“I decided I will not let [HAE] stop me from doing anything.”
Location: London, UK
Office Manager & Project Secretary
Baking, writing, drawing/painting, sewing, exercise
First Signs/Symptoms: Age 17
Diagnosis: Age 11
My first attack happened when I was 17. I was experiencing pain in my abdomen for a couple of days. I was then taken to the hospital where I was told I had a suspected appendicitis and needed surgery. It was then that my dad admitted that he and my grandmother have had HAE their whole lives and that I had tested positive for HAE when I was 11, but my parents were waiting until I was 18 to tell me as I did not have any symptoms.
It was difficult to learn of my diagnosis—I’d gone from being well, as far as I was aware, to being told that I have a genetic disease that I’ll live with forever.
Because of my age when I was diagnosed, I was going through a very hormonal, rebellious streak and did not look after my body. Once I got a bit older, had a steady job, got engaged, and realized that I had a future in front of me that I really wanted, I changed the way that I was living. Most of my attacks are abdominal, and for a long time I got confused between what were symptoms of my HAE and what were not. I started to monitor what I ate and found I had gluten sensitivity, so now I don’t eat gluten and limit my dairy. I also like to bake, which helps me be in control of what I eat and also relieves stress, but this is only my experience, and everyone’s HAE is different.
You can wallow and feel very sorry for yourself and allow HAE to get in the way of everything that you’ve always wanted to do, or you can just be a better planner. I decided I will not let it stop me from doing anything, and with each new challenge I’m going to talk to my doctor and plan from there.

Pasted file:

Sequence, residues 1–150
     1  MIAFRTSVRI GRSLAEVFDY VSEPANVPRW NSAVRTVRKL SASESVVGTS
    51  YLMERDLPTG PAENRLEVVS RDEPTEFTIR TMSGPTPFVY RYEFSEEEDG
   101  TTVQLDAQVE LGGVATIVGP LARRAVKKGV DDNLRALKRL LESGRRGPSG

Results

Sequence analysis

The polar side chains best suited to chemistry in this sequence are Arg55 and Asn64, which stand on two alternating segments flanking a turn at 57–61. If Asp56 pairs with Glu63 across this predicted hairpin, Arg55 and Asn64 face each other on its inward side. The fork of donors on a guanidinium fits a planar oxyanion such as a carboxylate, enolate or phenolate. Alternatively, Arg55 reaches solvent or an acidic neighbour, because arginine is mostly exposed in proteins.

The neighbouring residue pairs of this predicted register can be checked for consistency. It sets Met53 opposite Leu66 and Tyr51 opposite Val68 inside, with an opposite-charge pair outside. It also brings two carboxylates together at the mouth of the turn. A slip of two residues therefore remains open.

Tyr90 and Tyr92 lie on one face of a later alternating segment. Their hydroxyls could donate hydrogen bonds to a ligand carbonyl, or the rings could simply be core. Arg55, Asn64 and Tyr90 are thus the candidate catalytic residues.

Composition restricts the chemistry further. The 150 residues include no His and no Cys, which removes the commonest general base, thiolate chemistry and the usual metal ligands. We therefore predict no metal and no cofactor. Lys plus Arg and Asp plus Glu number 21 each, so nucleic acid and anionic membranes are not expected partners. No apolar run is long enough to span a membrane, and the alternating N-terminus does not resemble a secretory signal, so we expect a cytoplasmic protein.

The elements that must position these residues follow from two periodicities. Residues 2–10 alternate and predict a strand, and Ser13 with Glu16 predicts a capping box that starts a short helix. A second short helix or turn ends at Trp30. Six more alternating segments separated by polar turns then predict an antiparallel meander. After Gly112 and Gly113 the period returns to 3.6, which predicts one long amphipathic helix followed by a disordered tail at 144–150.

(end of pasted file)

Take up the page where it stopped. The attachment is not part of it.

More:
“HAE hasn’t stopped me from doing anything in my life.”
Location: Stuer, Denmark
Profession: IT Department Head
Danish and international patient organizations, Chairman of my daughter’s dance club
First Signs/Symptoms: Age 5
Diagnosis: Age 13
I started having attacks when I was 5, mostly in my stomach, hands, and feet. My mother and oldest brother also have HAE, but no one knew what it was back then. Their attacks were mistaken for allergies, and my brother even had his appendix removed.
When my brother was 19, he had a laryngeal attack. The doctor at the hospital had just read about HAE, so he did a blood test and diagnosed my brother with HAE. The rest of the family was tested, and my mother and I were also diagnosed. We felt a sort of relief because we started to put bits of the puzzle into place — understanding why my mother was often in bed and feeling ill, why my brother had the laryngeal attack, and why I had stomachaches.
My son has also been diagnosed with HAE and has weekly attacks. For him to lead a normal life would be the biggest wish I could have for him.
HAE hasn’t stopped me from doing anything in my life. I travel around 120 days a year for work. I’m also involved with both the Danish and international patient organizations . My daughter does a lot of dancing, and we just formed a new club in my town where I am chairman. My son started playing golf, so I try and take him out to play a round whenever possible. I’ve always tried to not let HAE hold me down.
The information on this page is not meant to substitute for the advice provided by a medical professional. Always consult a physician if you have health concerns.